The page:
ERIC Number: ED428800
Record Type: RIE
Publication Date: 1999
Reference Count: N/A
Multiple Missions of Community Colleges: Conflictory or Complementary. Community College Research Center Occasional Paper.
Bailey, Thomas R.; Averianova, Irina E.
This report was developed in response to the conflicts that have arisen over the mission of the community college. Critics of community colleges claim that the colleges have become unfocused and lost their way in an attempt to be all things to all people, while advocates state that the colleges play a broad, but essential, educational, social, and economic role in society. The paper is intended to clarify some of the underlying assumptions and suggest a framework for analyzing the optimal set of missions for the colleges. Descriptions of the current arguments about the missions of community colleges are presented, including the collegiate or academic function, vocational preparation, economic development activities, remediation, and community service. The authors then assert that integrating several of these functions at a single institution benefits the colleges by allowing them to take advantage of possible complementarities and economies of scope. Specific advantages may include improved coordination between degree programs and customized training, cross-registration among students, and improved competitiveness. However, these functions are in conflict if they are based on insufficient resources or are not properly integrated. Each institution needs to decide how to focus its efforts within a framework of comprehensiveness. Contains 46 references. (CAK)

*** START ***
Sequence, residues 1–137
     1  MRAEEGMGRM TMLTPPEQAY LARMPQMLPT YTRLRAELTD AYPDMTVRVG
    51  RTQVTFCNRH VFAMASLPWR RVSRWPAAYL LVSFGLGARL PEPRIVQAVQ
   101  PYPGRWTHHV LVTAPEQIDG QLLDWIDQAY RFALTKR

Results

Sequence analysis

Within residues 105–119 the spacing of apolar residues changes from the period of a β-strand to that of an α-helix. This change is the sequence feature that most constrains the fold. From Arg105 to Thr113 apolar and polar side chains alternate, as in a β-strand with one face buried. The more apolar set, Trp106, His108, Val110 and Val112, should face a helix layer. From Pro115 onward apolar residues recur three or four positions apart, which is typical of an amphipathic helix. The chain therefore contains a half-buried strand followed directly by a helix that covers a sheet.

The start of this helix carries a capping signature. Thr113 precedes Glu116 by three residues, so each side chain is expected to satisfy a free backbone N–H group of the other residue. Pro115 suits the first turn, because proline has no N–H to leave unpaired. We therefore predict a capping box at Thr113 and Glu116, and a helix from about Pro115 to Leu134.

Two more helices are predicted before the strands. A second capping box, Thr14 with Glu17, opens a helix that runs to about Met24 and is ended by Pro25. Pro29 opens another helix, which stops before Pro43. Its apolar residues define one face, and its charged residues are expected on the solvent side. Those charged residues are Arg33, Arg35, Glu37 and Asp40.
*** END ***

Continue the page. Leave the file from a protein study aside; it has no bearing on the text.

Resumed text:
Descriptors: Access to Education, College Role, Community Colleges, Curriculum, Educational Change, Educational History, Educational Objectives, Institutional Mission, Mission Statements, Two Year Colleges, Vocational Education
Community College Research Center, Teachers College, Columbia University, 525 West 120th St., Box 174, New York, NY 10027; Tel: 212-678-3091; Fax: 212-678-3699.
Publication Type: Reports - Descriptive
Education Level: N/A
Authoring Institution: Columbia Univ., New York, NY. Community Coll. Research Center.